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Colarusso leaves The Business Insider

Felix Salmon
Jun 11, 2009 15:58 UTC

Tomorrow is the two-week anniversary of Dan Colarusso‘s last blog entry — and last day of work — at The Business Insider. After the fanfare surrounding his arrival, his departure after just four months on the job has been very quiet indeed, but does raise the question of whether and how a group blog should try to manage its contributors.

The most successful group blogs basically allow their bloggers to post when they like and what they like; they encourage an entrepeneurial, as opposed to managerial, culture. Sometimes, when the number of bloggers becomes enormous and there’s a desire for a site to be comprehensive, people managers need to be put in place. But TBI is still a very small shop, and I suspect that Henry Blodget won’t be hiring a new managing editor any time soon.

COMMENT

Felix, is there any backstory?

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Amherst’s CDS coup

Felix Salmon
Jun 11, 2009 15:38 UTC

The WSJ’s 1180-word story on “a canny trade by a small brokerage firm in two markets at the heart of the financial crisis” is not easy to follow, but it’s really kinda fabulous.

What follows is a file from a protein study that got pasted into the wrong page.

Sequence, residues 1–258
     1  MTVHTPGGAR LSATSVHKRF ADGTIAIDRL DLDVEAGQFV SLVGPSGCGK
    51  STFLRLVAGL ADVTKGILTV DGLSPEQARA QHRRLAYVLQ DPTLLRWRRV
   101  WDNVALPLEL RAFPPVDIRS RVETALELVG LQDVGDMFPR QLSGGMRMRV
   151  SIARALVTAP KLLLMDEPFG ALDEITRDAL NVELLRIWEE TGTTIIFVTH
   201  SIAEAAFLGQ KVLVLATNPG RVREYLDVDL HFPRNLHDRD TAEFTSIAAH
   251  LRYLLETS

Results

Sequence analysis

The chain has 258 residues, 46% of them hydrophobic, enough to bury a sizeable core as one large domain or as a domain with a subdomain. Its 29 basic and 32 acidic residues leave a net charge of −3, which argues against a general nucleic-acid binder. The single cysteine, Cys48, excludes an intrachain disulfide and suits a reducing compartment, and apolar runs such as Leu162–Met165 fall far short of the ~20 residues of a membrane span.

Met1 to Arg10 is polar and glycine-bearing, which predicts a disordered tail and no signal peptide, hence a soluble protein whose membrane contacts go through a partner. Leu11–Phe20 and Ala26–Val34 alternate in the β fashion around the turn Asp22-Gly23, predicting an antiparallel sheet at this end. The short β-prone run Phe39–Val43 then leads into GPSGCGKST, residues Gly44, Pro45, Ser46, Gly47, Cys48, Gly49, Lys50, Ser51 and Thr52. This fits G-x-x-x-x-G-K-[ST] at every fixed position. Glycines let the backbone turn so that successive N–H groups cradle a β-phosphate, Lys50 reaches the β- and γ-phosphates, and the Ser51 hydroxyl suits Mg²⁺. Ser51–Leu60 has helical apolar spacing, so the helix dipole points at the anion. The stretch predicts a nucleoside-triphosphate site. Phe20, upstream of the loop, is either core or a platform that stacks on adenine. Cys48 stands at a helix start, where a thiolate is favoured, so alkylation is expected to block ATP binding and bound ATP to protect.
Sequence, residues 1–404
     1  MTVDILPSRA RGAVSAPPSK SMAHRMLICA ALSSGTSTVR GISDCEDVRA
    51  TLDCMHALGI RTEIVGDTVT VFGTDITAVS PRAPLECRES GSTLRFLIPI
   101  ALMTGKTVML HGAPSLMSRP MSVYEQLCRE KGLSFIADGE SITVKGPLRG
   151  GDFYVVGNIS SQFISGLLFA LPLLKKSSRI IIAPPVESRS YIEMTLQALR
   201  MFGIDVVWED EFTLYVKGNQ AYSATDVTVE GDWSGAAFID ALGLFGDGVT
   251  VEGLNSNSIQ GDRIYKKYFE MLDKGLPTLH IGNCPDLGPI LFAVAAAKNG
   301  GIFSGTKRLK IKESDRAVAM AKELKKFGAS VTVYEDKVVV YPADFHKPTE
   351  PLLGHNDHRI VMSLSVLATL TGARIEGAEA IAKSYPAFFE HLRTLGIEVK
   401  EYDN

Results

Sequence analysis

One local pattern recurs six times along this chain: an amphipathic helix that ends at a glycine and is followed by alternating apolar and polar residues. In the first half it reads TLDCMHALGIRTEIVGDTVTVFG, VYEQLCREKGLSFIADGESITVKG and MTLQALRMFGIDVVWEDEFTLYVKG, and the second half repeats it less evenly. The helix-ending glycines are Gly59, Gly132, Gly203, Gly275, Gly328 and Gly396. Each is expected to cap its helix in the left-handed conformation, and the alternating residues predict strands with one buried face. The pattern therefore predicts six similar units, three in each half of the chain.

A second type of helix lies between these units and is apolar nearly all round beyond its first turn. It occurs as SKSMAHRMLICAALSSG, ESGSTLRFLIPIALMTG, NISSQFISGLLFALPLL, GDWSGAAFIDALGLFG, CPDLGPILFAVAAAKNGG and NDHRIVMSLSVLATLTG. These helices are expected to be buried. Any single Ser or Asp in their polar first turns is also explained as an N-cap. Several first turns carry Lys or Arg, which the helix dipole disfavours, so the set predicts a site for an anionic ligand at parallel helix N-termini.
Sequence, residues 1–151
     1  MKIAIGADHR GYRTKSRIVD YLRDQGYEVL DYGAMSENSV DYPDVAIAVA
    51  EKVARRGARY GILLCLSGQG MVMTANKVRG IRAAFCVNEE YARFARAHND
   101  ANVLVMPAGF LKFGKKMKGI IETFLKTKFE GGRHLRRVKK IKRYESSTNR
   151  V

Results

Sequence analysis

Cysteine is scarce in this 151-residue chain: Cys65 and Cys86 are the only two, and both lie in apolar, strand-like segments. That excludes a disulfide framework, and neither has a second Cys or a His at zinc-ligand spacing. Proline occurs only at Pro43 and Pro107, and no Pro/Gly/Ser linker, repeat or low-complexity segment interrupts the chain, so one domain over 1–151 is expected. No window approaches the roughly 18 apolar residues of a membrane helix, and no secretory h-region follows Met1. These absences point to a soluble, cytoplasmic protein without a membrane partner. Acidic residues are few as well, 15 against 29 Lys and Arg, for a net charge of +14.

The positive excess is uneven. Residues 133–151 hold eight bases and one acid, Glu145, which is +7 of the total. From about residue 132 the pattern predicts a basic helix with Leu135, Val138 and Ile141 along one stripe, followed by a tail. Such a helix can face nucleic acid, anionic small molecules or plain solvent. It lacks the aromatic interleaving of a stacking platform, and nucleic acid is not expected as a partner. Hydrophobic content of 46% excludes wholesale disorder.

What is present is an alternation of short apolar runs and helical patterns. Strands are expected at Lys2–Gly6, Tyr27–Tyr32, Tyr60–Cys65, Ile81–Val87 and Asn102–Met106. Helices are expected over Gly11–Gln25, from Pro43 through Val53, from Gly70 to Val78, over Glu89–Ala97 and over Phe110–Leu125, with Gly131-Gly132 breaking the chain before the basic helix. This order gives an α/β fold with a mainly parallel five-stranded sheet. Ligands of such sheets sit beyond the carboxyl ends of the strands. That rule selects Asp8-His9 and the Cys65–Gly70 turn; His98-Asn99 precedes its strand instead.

Basically, a tiny Texas shop called Amherst sold a huge amount of credit protection, at extremely high prices, on a small and obscure bond backed by Californian subprime mortgages. Although the original issue was $335 million, by the time Amherst sold the protection, the amount outstanding was just $29 million: less than 10% of the original amount, and small enough that Amrherst could purchase the remaining loans and pay the bonds off in full.

That wouldn’t normally make sense: the value of the loans was a fraction of the cost of paying off the bonds. But by paying the bonds off in full, Amherst got to keep all the insurance premiums it had been paid by JP Morgan and others, all of whom were speculating on an imminent default. Clever!

JP Morgan and other banks on the losing side of the trade are now whining to Sifma and the American Securitization Forum that it’s not fair they lost money on their speculation that the mortgage bonds would default. Doesn’t your heart just bleed. Well done Amherst: you outwitted the big boys. Good for you.

COMMENT

Try Bloomberg.com…just as likely to have a version of the same story